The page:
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  • GHC 7.10.1 Brings New Compiler Features

    Phoronix: GHC 7.10.1 Brings New Compiler Features

    Version 7.10.1 of the Glasgow Haskell Compiler (GHC) is now available as a major release for this open-source project...

    http://www.phoronix.com/scan.php?pag....10.1-Released

  • #2
    To each their own, I guess. I'm just wondering why people keep improving C++14 and Haskell when obviously most people are focusing on more modern languages like: Python, JavaScript, CoffeeScript, Clojure, Groovy, PHP, Hack, Rust, Swift, Dart.

    Is there really anything to achieve with these legacy languages? Especially statically typed languages seem obsolete now that people do continuous integration and run test suites. Static typing won't mix well with BDD and TDD.
    Last edited by caligula; 27 March 2015, 04:55 PM.

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    • #3
      Originally posted by caligula View Post
      To each their own, I guess. I'm just wondering why people keep improving C++14 and Haskell when obviously most people are focusing on more modern languages like: Python, JavaScript, CoffeeScript, Clojure, Groovy, PHP, Hack, Rust, Swift, Dart.

      Is there really anything to achieve with these legacy languages? Especially statically typed languages seem obsolete now that people do continuous integration and run test suites. Static typing won't mix well with BDD and TDD.
      Python and PHP are also more than 20 years old AFAIK and I think JS will reach 20 years this year.
      So 'being modern' ultimately comes down to having a living ecosystem, and this news seems like a good sign.

      Also, Rust is statically typed, and my experience has told me, that this leads to many programs working at the first try, and handling all special cases right out of the gate.
      Add to that special compiler support for testing, even though I feel there is a lot less need for it.

      I don't know what BDD is, though.
      Anyway, as you said, to each their own. I, for one, will continue looking for an opportunity to try Haskell out.

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      • #4
        Originally posted by caligula View Post
        To each their own, I guess. I'm just wondering why people keep improving C++14 and Haskell when obviously most people are focusing on more modern languages like: Python, JavaScript, CoffeeScript, Clojure, Groovy, PHP, Hack, Rust, Swift, Dart.

        Is there really anything to achieve with these legacy languages? Especially statically typed languages seem obsolete now that people do continuous integration and run test suites. Static typing won't mix well with BDD and TDD.
        I work with Python and Ruby for work. I like them, there are a lot of nice things aboout those languages. But other than Rust, you haven't listed a language that is as fast or powerful as C/C++ or Haskell (when compiled).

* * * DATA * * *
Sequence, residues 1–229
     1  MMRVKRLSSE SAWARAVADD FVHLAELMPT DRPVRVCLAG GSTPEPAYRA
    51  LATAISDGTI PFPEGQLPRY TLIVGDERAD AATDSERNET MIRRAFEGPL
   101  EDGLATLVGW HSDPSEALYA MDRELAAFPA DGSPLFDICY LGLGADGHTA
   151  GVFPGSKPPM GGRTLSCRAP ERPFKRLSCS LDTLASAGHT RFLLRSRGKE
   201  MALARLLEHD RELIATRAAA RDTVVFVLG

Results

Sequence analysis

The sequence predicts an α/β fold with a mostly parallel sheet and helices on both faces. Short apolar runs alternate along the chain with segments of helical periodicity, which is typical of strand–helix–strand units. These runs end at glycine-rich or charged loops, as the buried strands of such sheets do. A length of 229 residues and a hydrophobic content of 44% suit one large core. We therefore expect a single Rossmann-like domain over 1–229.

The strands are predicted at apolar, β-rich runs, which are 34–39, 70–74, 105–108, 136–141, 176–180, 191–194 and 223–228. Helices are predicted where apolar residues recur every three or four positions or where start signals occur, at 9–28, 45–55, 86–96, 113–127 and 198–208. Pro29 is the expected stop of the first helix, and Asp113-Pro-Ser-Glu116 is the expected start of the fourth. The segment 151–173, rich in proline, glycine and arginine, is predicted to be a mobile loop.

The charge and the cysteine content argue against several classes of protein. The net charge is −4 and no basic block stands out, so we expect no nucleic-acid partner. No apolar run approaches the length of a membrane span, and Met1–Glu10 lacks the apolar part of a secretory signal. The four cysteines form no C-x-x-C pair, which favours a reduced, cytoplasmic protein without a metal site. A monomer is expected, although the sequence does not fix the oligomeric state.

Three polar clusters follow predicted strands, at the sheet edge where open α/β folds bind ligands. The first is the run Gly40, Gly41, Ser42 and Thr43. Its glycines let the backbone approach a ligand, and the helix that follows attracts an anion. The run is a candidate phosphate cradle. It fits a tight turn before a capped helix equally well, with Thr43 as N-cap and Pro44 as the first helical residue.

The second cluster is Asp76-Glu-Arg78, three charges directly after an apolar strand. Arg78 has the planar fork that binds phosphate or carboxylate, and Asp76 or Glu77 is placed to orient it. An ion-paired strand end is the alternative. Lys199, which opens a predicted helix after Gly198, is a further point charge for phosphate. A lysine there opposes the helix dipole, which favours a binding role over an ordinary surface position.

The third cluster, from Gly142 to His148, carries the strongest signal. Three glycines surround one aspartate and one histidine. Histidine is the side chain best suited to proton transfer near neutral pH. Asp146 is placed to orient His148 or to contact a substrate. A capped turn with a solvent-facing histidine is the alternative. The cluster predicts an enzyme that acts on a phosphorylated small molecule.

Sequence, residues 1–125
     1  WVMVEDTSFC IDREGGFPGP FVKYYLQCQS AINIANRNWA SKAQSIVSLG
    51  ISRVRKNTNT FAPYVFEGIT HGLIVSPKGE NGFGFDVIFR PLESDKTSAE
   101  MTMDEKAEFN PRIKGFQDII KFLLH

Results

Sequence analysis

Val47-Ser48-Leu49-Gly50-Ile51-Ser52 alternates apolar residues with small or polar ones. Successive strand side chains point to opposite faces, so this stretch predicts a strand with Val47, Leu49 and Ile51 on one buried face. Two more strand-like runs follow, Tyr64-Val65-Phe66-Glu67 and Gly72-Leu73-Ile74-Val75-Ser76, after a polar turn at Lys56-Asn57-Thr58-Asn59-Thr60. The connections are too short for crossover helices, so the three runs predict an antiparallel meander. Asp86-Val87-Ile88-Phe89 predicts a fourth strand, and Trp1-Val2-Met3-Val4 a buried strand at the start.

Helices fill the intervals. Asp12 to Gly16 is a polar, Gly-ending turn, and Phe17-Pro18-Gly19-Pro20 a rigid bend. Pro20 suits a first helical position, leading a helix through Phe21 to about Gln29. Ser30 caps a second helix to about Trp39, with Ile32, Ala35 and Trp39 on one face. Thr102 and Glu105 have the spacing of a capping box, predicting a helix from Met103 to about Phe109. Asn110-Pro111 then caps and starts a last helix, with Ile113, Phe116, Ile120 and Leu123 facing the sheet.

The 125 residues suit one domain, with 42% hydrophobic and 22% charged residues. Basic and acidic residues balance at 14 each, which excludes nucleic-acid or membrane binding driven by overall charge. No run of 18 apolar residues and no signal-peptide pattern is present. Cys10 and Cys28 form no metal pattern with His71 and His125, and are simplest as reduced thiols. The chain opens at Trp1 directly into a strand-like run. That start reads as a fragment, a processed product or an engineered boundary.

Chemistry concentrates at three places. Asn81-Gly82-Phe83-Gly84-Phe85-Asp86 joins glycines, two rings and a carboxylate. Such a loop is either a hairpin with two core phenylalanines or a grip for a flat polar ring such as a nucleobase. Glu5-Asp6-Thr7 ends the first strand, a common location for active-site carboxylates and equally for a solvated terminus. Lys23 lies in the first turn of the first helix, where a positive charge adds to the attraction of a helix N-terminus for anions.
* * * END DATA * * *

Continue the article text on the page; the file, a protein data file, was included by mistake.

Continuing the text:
Like it or not C at least (if not C++ as well) is going to be around for a long time.

        And why can't you use static typing with CI? Because all sorts of errors I have to write tests for in python or ruby are irrelevant and cant happen with strong typing (or, will get caught during compile rather than at run time)?

        Originally posted by CrystalGamma View Post
        Python and PHP are also more than 20 years old AFAIK and I think JS will reach 20 years this year.
        So 'being modern' ultimately comes down to having a living ecosystem, and this news seems like a good sign.

        Also, Rust is statically typed, and my experience has told me, that this leads to many programs working at the first try, and handling all special cases right out of the gate.
        Add to that special compiler support for testing, even though I feel there is a lot less need for it.

        I don't know what BDD is, though.
        Anyway, as you said, to each their own. I, for one, will continue looking for an opportunity to try Haskell out.
        BDD = Behavior Driven Development
        TDD = Test Driven Deveolpment
        Last edited by crymsonpheonix; 27 March 2015, 06:35 PM.

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        • #5
          Originally posted by caligula View Post
          To each their own, I guess. I'm just wondering why people keep improving C++14 and Haskell when obviously most people are focusing on more modern languages like: Python, JavaScript, CoffeeScript, Clojure, Groovy, PHP, Hack, Rust, Swift, Dart.

          Is there really anything to achieve with these legacy languages? Especially statically typed languages seem obsolete now that people do continuous integration and run test suites. Static typing won't mix well with BDD and TDD.
          If you seriously want to know and understand, you should learn enough Haskell to be able to develop not-very-small toy projects in it. The language does have its place. Concepts developed there and proven awesome are slowly seeping into the rest of the languages. The language can also absorb ideas developed somewhere else (like in the OOP world) just fine, and people can mostly do the implementation themselves so there's no limits trying to combine ideas from different worlds. While this is happening, things still continually move forward in Haskell. There's new ideas showing up all the time.

          You don't have to worry about static typing and how that mixes with testing behaviour. The first papers about seriously neat ways of testing in Haskell showed up around 15 years ago. :P

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          • #6
            Originally posted by caligula View Post
            To each their own, I guess. I'm just wondering why people keep improving C++14 and Haskell when obviously most people are focusing on more modern languages like: Python, JavaScript, CoffeeScript, Clojure, Groovy, PHP, Hack, Rust, Swift, Dart.

            Is there really anything to achieve with these legacy languages? Especially statically typed languages seem obsolete now that people do continuous integration and run test suites. Static typing won't mix well with BDD and TDD.
            Probably because it's easier to port a program already written in C++ to a newer version than to a completely different language.
            Newer isn't necessarily better - languages have different niches, and no language can cater to all of them. For example, there's no way in hell Javascript or Python are about to replace C++.

            Also, static typing is completely different from strong typing. e.g. Python has both strong and dynamic typing. Static vs. dynamic is when the type check is performed, strong vs. weak is whether you try to automatically convert if the types are wrong.